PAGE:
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Sharon Wins Party Support on Plans to Bring Labor Party into Government


Israeli Prime Minister Ariel Sharon has won the approval of his party's Central Committee to allow talks to bring the opposition Labor Party into his government.

The non-binding vote raises prospects the Israeli leader's controversial disengagement plan will go through and indicates he now be able to avoid having to call new elections.

In the end 62 percent of the votes cast were in support the prime minister's position. Although it was a non-binding measure the result from the 3,000 member strong Central Committee it gives Mr. Sharon the tacit approval to go ahead with his plans and, perhaps more importantly, lets him avoid having to call new elections nearly two years ahead of schedule.

The prime minister fired his main coalition party, the Shinui Party, last week for voting against his 2005 budget leaving him with a slim 40 seats in the 120 seat parliament. With Labor's 22 seats he would have a majority. Although the real likelihood that some of his own Likud party members would not support his disengagement plan means he is likely to try to bring in the religious United Torah Judaism Party with their five seats.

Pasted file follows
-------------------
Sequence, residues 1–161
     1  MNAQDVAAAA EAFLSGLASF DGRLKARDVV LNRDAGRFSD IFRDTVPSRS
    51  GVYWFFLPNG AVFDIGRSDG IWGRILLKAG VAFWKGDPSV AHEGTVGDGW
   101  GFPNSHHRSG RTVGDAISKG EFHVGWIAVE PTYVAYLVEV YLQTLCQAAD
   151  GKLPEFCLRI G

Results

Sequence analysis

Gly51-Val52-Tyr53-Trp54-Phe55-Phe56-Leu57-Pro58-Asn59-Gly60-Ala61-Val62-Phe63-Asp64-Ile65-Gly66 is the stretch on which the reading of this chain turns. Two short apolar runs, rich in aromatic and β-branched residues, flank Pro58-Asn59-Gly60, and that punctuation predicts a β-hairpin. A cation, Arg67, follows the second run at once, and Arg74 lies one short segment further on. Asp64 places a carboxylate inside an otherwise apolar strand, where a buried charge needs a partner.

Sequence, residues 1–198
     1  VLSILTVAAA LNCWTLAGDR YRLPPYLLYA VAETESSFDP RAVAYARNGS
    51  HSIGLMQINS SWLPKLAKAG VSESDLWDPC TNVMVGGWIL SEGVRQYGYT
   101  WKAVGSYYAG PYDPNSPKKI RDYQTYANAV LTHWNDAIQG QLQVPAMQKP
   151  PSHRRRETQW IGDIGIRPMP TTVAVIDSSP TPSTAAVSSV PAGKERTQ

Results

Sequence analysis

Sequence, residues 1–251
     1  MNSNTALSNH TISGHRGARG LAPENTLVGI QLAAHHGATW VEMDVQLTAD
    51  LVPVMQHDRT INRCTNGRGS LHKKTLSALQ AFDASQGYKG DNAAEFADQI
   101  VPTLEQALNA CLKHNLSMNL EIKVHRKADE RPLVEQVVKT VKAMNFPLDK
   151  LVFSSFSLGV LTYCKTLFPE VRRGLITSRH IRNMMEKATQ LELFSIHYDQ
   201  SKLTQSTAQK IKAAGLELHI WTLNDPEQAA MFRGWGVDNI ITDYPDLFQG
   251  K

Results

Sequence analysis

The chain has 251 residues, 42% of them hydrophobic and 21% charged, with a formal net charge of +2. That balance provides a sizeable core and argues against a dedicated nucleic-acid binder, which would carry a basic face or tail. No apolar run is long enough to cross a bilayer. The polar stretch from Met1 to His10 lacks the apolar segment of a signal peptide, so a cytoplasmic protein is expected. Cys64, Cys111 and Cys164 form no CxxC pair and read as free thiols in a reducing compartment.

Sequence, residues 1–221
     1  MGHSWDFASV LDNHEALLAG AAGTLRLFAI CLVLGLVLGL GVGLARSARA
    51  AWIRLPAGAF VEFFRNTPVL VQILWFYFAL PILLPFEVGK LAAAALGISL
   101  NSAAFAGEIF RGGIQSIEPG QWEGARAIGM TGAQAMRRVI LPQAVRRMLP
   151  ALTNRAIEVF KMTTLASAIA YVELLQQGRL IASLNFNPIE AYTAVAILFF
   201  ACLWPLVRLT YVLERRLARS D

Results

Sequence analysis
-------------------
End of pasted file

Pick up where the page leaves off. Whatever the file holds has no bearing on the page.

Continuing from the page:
Labor has promised to support the Sharon plan to remove all 21 Jewish settlements from Gaza and four of the 120 in the West Bank. But they are not comfortable with some elements of his budget, especially cuts in social programs.

Meanwhile, a Palestinian militant leader survived an Israeli assassination attempt on Thursday. Jamal Abu Samhadana, head of the Popular Resistance Committees, was lightly wounded and two of his aides were injured when an Israeli missile struck the car they were traveling in as they drove through the Gaza Strip.

It was the first time Israel has targeted a senior Palestinian militant figure since the death of Yasser Arafat on November 11. Israel had said it would restrain its military

operations so long as the situation in Gaza and the West Bank remained calm but it reserved the right to go after what it called, ticking bombs.

The Popular Resistance Committee has been involved in a number of bombings, most of which were aimed at Israeli troops in Gaza.

Interim PLO leader Mahmoud Abbas, the leading candidate to replace Yasser Arafat as Palestinian President, has been trying to persuade militant groups to stop suicide bombings and other attacks on Israelis.